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Gender modifies the effect of body mass index on lung function decline in mild-to-moderate COPD patients: a pooled analysis
Respiratory Research volume 22, Article number: 59 (2021)
Low body weight is associated with poor prognosis in patients with chronic obstructive pulmonary disease (COPD). However, it is not known whether gender modifies this relationship.
We pooled data of 8686 COPD patients from 7 studies with a median length of 36-months of follow up. Using a longitudinal natural cubic spline regression model, we examined the dose–response relationship between body mass index (BMI) and the rate of decline in forced expiratory volume in one second (FEV1) in patients with GOLD 1 and 2 disease, stratified by gender and adjusted for age, smoking status, and cohort effects.
There was an inverse linear relationship between BMI and the rate of FEV1 decline in GOLD Grades 1 and 2, which was modified by gender (p < 0.001). In male patients, an increase of BMI by 1 kg/m2 reduced FEV1 decline by 1.05 mL/year (95% CI 0.96, 1.14). However, in female patients, BMI status did not have a clinically meaningful impact on FEV1 decline: an increase of baseline BMI by 1 kg/m2 reduced FEV1 decline by 0.16 ml/year (95% CI 0.11, 0.21). These gender-modified relationships were similar between GOLD 1 and 2 patients, and between current and former smokers.
In mild to moderate COPD, higher BMI was associated with a less rapid decline of FEV1 in male patients whereas this association was minimal in females patients. This gender-specific BMI effect was independent of COPD severity and smoking status.
Chronic obstructive pulmonary disease (COPD) is one of the leading causes of morbidity and mortality in the world . According to the World Health Organization, over the next 20 years COPD will rise from the fifth to third leading cause of death worldwide . Among newly diagnosed COPD patients, over half had mild disease, one third had moderate, and 10% of patients had severe or very severe disease . The progression of COPD is characterized by an accelerated decline in lung function as indicated by forced expiratory volume in one second (FEV1). On average, patients with mild to moderate COPD experience a faster decline in FEV1 over time than those with the more severe form of COPD . Modification of lung function trajectory early in its course provides an opportunity to ameliorate patient’s quality of life and extend their life expectancy. It is now well-recognized that cachexia is a significant risk factor for poor outcomes including mortality in COPD patients [6,7,8]. However, while multiple studies report that those with low body mass index (BMI) may be at risk of COPD progression and those who are obese may be protected [5, 6], others have shown no significant association between BMI and FEV1 decline [11, 12]. One reason for the controversy is the fact that a decline in lung function varies according to certain factors, most notably smoking, gender, and disease stage [5,6,7]. Knowing whether BMI is a significant risk factor for COPD progression in patients with mild and moderate COPD is important, because it represents a potentially modifiable trait. Thus, we pooled individual-level data from 7 large international studies into a single, combined dataset, and examined the dose–response relationship between BMI and the rate of FEV1 decline in patients with mild and moderate COPD, according to gender and smoking status.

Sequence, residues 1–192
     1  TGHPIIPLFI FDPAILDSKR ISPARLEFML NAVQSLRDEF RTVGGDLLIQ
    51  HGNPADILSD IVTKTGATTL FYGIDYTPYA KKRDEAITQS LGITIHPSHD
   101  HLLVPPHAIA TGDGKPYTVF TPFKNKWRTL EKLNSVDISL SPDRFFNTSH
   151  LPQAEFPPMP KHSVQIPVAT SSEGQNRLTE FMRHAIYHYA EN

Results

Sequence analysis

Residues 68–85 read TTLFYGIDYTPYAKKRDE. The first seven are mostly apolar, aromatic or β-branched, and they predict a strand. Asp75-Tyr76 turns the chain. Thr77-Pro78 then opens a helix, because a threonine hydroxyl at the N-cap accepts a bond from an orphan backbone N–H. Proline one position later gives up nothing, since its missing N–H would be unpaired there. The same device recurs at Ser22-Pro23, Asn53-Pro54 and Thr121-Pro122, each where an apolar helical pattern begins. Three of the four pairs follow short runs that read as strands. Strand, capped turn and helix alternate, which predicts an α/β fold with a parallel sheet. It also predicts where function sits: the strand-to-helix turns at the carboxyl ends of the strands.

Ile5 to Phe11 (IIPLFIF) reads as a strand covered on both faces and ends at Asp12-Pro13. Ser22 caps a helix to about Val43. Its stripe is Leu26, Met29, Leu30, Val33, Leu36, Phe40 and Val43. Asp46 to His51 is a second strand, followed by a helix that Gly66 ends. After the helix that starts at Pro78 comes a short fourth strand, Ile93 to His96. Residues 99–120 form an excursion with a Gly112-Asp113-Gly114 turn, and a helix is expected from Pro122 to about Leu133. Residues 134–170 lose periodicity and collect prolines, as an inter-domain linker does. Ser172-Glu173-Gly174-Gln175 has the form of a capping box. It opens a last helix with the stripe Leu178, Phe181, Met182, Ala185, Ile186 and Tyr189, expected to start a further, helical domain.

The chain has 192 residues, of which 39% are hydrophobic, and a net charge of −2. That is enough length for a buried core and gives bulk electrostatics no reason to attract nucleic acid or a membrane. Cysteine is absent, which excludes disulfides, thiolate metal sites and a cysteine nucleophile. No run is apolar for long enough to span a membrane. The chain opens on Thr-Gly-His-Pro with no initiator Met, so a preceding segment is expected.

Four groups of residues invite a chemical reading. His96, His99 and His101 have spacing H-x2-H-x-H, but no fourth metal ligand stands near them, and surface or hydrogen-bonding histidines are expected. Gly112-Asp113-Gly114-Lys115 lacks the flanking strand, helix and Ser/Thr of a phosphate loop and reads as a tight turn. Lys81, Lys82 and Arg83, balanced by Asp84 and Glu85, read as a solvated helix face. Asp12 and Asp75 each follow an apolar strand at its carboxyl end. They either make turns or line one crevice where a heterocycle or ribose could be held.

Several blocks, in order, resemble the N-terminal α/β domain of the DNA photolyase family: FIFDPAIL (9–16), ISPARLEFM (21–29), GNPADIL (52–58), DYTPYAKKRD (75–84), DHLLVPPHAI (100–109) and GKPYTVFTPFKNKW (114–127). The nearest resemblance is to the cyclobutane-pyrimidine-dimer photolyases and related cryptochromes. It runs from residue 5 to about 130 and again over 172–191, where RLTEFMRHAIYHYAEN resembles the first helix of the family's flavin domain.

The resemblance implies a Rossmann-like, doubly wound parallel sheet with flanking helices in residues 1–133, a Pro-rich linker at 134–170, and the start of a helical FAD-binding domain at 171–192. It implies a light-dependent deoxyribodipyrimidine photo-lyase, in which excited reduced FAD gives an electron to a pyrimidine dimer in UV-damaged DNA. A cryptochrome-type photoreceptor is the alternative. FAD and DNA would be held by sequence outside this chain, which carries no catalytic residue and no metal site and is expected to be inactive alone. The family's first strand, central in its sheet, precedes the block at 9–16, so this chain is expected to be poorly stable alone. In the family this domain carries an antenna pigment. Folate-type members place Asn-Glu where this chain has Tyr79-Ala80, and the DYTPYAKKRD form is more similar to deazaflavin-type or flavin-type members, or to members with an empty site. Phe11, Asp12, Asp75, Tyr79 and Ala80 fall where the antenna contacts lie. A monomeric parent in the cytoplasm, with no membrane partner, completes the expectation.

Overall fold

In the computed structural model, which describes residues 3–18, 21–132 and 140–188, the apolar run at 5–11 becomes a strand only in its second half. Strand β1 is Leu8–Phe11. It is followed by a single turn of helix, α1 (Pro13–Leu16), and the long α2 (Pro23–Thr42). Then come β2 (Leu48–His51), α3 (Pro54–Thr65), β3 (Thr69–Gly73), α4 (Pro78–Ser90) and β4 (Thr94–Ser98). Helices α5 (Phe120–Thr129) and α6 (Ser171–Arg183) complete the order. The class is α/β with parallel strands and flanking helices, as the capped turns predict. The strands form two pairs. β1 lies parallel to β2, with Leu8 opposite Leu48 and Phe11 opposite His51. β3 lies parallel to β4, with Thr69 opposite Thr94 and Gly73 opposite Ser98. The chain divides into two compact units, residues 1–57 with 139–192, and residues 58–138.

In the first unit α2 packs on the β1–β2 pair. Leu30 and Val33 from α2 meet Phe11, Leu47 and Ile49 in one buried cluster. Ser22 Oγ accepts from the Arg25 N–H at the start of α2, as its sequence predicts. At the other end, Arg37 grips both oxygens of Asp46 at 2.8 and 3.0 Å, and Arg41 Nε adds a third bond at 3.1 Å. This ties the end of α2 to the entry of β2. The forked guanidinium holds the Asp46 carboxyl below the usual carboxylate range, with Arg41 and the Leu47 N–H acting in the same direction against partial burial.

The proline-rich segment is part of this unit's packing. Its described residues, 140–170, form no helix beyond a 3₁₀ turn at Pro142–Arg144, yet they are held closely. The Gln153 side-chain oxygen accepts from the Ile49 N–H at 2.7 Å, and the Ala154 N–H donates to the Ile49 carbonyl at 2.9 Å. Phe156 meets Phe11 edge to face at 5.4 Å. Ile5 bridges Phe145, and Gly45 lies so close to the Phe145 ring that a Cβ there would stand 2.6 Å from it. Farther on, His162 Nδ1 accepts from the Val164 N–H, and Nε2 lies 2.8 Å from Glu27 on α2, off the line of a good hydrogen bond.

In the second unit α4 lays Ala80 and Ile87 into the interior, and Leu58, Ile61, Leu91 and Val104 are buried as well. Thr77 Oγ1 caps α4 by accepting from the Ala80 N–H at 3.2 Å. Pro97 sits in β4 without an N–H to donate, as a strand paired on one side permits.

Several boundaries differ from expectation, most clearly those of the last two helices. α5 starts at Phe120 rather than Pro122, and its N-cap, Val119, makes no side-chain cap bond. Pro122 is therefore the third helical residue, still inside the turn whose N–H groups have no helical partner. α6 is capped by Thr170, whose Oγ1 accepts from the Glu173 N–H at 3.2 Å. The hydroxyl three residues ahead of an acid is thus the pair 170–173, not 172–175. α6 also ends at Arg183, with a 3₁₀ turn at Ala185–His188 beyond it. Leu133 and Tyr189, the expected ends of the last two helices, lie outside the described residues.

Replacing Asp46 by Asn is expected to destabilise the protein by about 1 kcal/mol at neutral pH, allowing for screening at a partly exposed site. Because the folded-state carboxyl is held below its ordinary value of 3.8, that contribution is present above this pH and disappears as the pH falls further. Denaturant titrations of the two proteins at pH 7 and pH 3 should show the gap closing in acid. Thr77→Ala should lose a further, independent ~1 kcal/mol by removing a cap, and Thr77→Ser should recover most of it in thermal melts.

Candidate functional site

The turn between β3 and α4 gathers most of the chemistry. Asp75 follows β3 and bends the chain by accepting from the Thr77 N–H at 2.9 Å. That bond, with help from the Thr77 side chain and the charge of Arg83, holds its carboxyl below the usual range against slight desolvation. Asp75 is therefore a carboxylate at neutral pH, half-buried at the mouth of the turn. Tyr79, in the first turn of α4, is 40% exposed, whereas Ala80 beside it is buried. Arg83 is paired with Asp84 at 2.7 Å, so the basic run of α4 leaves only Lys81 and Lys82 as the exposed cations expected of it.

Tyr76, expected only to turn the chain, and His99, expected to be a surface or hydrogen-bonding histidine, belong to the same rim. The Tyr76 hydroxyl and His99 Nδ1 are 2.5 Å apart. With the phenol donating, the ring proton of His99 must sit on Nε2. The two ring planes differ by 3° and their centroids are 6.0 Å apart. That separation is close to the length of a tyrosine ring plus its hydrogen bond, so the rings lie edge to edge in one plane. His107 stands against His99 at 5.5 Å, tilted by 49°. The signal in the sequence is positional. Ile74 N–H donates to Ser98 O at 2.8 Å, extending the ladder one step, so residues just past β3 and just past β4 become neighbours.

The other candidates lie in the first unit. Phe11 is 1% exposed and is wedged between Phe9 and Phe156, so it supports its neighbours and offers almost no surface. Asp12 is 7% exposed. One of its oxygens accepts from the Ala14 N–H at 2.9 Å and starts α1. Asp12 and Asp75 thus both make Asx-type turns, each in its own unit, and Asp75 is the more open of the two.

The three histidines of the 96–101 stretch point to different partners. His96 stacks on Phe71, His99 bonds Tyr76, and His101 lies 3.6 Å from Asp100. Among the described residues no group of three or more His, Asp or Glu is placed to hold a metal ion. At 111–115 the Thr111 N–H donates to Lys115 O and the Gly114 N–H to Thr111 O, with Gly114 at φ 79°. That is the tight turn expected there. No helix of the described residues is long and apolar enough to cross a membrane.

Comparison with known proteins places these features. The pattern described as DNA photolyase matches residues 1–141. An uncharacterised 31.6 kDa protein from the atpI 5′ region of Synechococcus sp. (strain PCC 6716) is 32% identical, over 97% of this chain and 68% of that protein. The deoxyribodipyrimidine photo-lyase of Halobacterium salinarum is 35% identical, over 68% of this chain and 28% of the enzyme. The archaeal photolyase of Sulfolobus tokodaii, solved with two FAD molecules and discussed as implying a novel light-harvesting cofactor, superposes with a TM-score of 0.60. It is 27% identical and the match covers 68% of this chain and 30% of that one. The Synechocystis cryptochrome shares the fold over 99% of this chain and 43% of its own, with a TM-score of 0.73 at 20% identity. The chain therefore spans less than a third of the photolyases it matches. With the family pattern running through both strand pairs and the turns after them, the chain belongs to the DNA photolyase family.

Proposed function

Study design and settings
This was a pooled analysis of patient-level data from 6 randomized controlled trials (RCTs) and 1 non-interventional prospective study. The RCTs were part of the Inhaled Steroids Effect Evaluation in COPD study (ISEEC)  and included the Lung Health Study (LHS, n = 5 594 patients, 11 years of follow-up) , the European Respiratory Society study on COPD (EUROSCOP, n = 1039 patients, 3 years of follow-up) , Inhaled Steroids in Obstructive Lung Disease in Europe (ISOLDE, n = 591 patients, 3 years of follow-up) , Copenhagen City Lung Study (CCLS, n = 225 patients, 3 years) , studies by Calverley et al. (n = 336 patients, 12 months of follow-up)  and Szafranski et al. (n = 292 patients, 12 months of follow-up) . We additionally included data from a non-RCT, the Evaluation of COPD Longitudinally to Identify Predictive Surrogate Endpoints (ECLIPSE) study , which was a 3-year non-interventional study of 2652 patients with stable COPD from 46 centers across 12 countries . By pooling data from these 7 cohorts, the final study sample included patients with mostly mild and moderate COPD according to the Global Initiative for Chronic Obstructive Lung Disease (GOLD) severity grades at baseline (GOLD Grade 1, FEV1 ≥ 80 percent of predicted at 25 years of age, mild COPD; and Grade 2, FEV1 50–79 percent predicted, moderate COPD). We excluded patients in GOLD Grades 3 and 4 because they demonstrated different FEV1 trajectories over time compared with GOLD 1 and 2 patients (Table S1). For parsimony, we combined GOLD Grades 1 and 2 into one group because their FEV1 decline rates were similar (see Additional file 1: Table S1 and Figures S1, S2 for the observed rate of FEV1 decline between GOLD Grades 1 and 2). Further, patients were included if they had a valid measurement of BMI (≥ 10 kg/m2) at baseline, and 3 or more measurements of FEV1 across 3 or more different time points, which enabled a stable estimate of the FEV1 decline slope. Of note, spirometry standards and quality assurance were similar between the ISEEC trials and ECLIPSE. The Hankinson’s prediction equation was used to calculate percent of predicted FEV1 across all studies, using reference values for Caucasians, African–Americans, and Mexican–Americans derived from 7429 asymptomatic, non-smoking participants in the Third National Health and Nutrition Examination Survey (NHANES III) . Because the provision of inhaled corticosteroids (ICS) did not affect FEV1 decline over time in ISEEC , this treatment intervention was not considered a confounder in the present study. Thus, we included patients from both the treatment and placebo arms of the RCTs.